In 2008, Tata launched the world’s cheapest passenger car Tata Nano. Today, Tata Motors is manufacturing the next-generation cars including Harrier, Tiago, Hexa, Tigor, Nexon and Altroz. It is also now the world leader in mass public transportation. The company has launched the Starbus Electric (9m and 12m) and the Starbus Hybrid 12m buses. It has also rolled out a range of smart buses powered by alternate fuel sources. India’s first ‘fuel cell bus’ is also under development. The Tata Group reported annual sales of $103 billion last year from its various ventures including engineering goods, automobiles, textiles, etc.

There are many lessons that we can learn from the evolution of the Tata Group over the past 30 years. This is particularly important since the world seems divided into two halves: those who are investing massively in quality education, science and technology, and are taking necessary measures to acquire high technology and to promote innovation, and those that are trapped in the low value-added economies, relying mainly on low value-added agricultural goods for exports. Pakistan, unfortunately, belongs to the second group because of the myopic policies of successive governments.

An important perquisite for technology development or transfer to occur is that a country needs to have highly skilled workers who can develop, adopt, properly absorb and utilize the available technologies. For this, we need to make major investments in upgrading existing technical training centres, setting up high-level applied universities of science and engineering (Fachhochschule) on the pattern found in Germany and other European countries, and full-fledged engineering research universities. We have over a thousand technical training centres which need to be linked to top international institutions so that they can be brought to the highest standards. For development of new cutting-edge technologies, we need to set up or upgrade existing engineering universities, and research and development institutions in collaboration with reputable foreign partners, as India did in the case of its IITs.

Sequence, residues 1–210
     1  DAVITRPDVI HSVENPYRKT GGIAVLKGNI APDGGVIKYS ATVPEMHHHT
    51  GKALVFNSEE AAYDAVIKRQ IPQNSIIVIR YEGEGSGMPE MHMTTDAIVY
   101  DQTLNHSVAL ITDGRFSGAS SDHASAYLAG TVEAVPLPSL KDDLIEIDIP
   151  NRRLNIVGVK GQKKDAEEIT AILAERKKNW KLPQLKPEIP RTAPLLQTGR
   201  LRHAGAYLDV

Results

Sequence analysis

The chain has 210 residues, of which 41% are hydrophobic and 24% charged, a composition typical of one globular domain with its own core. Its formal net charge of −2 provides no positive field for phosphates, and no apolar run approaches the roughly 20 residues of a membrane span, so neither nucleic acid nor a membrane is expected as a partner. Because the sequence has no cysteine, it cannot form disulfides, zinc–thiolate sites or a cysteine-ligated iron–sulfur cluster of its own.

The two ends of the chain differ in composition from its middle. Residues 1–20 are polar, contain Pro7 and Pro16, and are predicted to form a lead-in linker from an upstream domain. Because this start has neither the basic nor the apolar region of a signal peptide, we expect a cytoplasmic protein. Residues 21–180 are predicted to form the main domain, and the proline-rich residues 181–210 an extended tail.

The budget of science and technology for India is about INR150 billion, equivalent to about Rs400 billion, whereas the budget of the Ministry of Science and Technology is less than Rs4 billion in Pakistan. Taking the six-fold population difference into account, it should be at least Rs65 billion.

Similarly, university research budgets are an average of about Rs15 million ($ 70,000) per year for equipment, chemicals, maintenance and research salaries. The paucity of research funds and required infra-structure during the last decade has stifled research and gradually converted most universities to poor-quality colleges, with a few notable exceptions such as NUST, COMSATS, UETs, etc, that have managed to survive somehow.

Private-sector investment in research and development is also virtually non-existent in Pakistan. To encourage companies to undertake meaningful research and development efforts to be globally competitive, the government must offer major incentives to the private sector. These should include tax breaks for investments into research, provision of liberal government grants for foreign training of workers in key technologies, strengthening of laboratories in private industries through matching grants for equipment and training, and promoting new business ventures in high-technology areas through long-term tax rebates, etc. This was done by me when I was the federal minister of science and technology in 2003 when a 15-year tax break was given to the IT industry for the first time.

Pakistan must change directions if it is to emerge from the deep hole of poverty and deprivation into which it has sunk.

The writer is the former federal minister for science and technology and former founding chairman of the HEC. He can be reached at: